On Aug. 5, athletes from around the world will travel to Rio to take part in the Summer Olympics, but not as many as in years past.
In 2009, the International Olympic Committee (IOC) met in Copenhagen, Denmark, and awarded Rio De Janeiro the rights to host both the 2016 Olympic and Paralympic games.
About six years after the IOC awarded the rights to Rio, Zika became an epidemic in Brazil.
It’s estimated that about 11,000 athletes from around the world will compete, and about 600,000 people will cheer on their respective countries. With that many spectators — not including the TV viewers — there’s a large amount of pride that goes with the title “Olympic athlete.”
The Zika virus is spread mostly by mosquitos. People can also get Zika through sex with someone infected, and the virus can be passed from a pregnant woman to her baby. In the U.S., the chance of getting the Zika virus is slim, with less than 1,000 cases per year.
With all the potential health issues that come with the Zika virus, it seems the bigger headlines surfacing in the months leading up to the games are not about the athletes who were chosen, but rather the athletes who turned down the offer, “respectfully,” to use their own words.
What was once an honor and a privilege has now been transformed into a choice, which frankly, many athletes have downplayed.
In another development, the Russian track and field athletes were banned, due to their lack of cooperation with a doping investigation, which has yet to settle down.
At the start of June, with the NBA Finals narrowing down, Golden State’s Steph Curry withdrew from consideration for a roster spot on USA Basketball.
The back-to-back NBA MVP wasn’t the only star from the states to say “no thanks” to the Olympics.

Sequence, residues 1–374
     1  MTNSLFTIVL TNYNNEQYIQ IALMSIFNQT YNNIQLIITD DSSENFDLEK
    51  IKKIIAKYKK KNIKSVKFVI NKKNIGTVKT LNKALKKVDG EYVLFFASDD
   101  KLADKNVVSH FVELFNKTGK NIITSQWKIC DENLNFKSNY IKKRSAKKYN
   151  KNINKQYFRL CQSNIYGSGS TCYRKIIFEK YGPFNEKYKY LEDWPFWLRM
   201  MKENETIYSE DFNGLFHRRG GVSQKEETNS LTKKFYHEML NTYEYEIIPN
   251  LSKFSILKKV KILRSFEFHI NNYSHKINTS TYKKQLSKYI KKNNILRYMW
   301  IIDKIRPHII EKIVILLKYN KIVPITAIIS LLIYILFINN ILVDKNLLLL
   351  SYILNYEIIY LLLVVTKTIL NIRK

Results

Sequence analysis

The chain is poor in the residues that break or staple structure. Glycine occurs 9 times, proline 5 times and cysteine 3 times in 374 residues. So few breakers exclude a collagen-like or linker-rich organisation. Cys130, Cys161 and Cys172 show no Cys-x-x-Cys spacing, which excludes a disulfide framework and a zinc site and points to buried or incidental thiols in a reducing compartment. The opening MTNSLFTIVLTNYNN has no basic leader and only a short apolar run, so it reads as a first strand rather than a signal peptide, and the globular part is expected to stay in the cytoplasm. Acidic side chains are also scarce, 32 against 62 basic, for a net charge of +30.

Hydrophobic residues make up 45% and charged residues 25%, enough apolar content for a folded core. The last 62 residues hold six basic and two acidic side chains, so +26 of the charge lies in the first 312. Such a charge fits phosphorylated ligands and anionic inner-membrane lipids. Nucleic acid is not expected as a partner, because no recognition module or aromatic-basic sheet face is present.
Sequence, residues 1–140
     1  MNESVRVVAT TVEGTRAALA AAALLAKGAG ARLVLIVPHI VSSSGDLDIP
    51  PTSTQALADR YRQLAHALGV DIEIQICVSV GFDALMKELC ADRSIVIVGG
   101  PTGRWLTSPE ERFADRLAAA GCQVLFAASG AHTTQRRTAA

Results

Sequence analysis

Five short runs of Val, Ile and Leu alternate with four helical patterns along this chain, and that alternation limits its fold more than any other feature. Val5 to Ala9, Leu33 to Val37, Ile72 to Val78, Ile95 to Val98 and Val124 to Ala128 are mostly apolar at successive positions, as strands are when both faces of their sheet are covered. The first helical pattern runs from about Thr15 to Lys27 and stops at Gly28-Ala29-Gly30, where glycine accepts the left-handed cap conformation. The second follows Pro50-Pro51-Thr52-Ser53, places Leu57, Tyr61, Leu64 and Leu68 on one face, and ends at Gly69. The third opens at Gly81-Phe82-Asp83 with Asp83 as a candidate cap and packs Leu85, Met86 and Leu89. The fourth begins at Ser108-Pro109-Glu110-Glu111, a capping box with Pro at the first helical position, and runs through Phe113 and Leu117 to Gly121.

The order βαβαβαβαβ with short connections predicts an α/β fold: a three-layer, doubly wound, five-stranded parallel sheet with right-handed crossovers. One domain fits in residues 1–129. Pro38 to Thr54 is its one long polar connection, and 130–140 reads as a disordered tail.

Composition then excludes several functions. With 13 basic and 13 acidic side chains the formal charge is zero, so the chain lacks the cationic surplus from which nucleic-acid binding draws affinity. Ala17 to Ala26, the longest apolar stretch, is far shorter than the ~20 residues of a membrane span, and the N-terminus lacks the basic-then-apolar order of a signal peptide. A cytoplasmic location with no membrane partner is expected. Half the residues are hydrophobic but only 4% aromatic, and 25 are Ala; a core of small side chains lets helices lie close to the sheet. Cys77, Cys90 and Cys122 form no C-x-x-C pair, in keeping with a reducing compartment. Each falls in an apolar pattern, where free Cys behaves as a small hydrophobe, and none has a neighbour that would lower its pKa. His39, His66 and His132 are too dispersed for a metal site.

Along with Curry, Los Angeles’ Chris Paul and Oklahoma City’s Russell Westbrook also decided against the idea.
USA Basketball isn’t known as a struggling team, either. The Red, White, and Blue is the two-time defending champ entering this year’s Olympics.
With some stars out, though, others have showed their commitment to the games, and for that matter, their country.
The Associated Press released an article, Thursday, saying that one of their sources can confirm Carmelo Anthony, of the New York Knicks, will keep his commitment.
Anthony told the AP in a past interview that he’s been playing with USA Basketball since he was 16.
“[I] can’t stop now,” he said.
The official roster for the USA Basketball team will be released Monday, and there’s a solid chance that NBA Champion Kyrie Irving will be on that team, although he hasn’t solidified the deal yet.
Irving’s teammate, LeBron James, was expected to jump on board with USA Basketball. But like many athletes this season, he has turned the offer down.
ESPN said Thursday, according to Cleveland.com, that James has informed the team that he will not play, saying “I need the rest.”
Basketball athletes aren’t the only ones who would rather not compete in the Olympics, either because of Zika or other reasons. Many, many others have opted out.
Along with the stories surfacing about the athletes dropping the opportunity, there have also been articles released about Zika, and how it shouldn’t be a worry for most athletes. But, it seems those articles haven’t had the effect the IOC might have liked.
Wednesday, Rory McIlroy decided to sit this year’s Olympics out. With that decision, McIlroy joins the list of other golf pros who have been scared away by Zika. Adam Scott, Vijay Singh and Marc Leishman have also withdrew from the honor.
Tennis player Mike Bryan, who won a gold medal with his brother, Bob Bryan, in the 2012 London Olympics, couldn’t think about missing it.
“It’s playing for your country. It’s playing for the glory of the Olympics,” Bryan told the AP. “I’m a little surprised there are some big names skipping it.”
In an interview with BBC, Jonathan Ball, who is a professor of molecular virology at the University of Nottingham, said, “The chances of being infected by Zika virus is low, especially if you protect yourself from mosquito bites by covering up and using a good insect repellent.”
He also added that athletes who decide to withdraw are making an extreme decision.
It isn’t entirely clear whether athletes have other concerns for withdrawing, and just use the Zika virus as an excuse. But one thing seems crystal-clear, the IOC either needs to start looking deeper into the health aspect of awarded locations, or the committee needs to find a new way to bring back the Olympic standard.
Lohr is the sports editor of The Herald. He can be reached at 827-3634, or via email, at email@example.com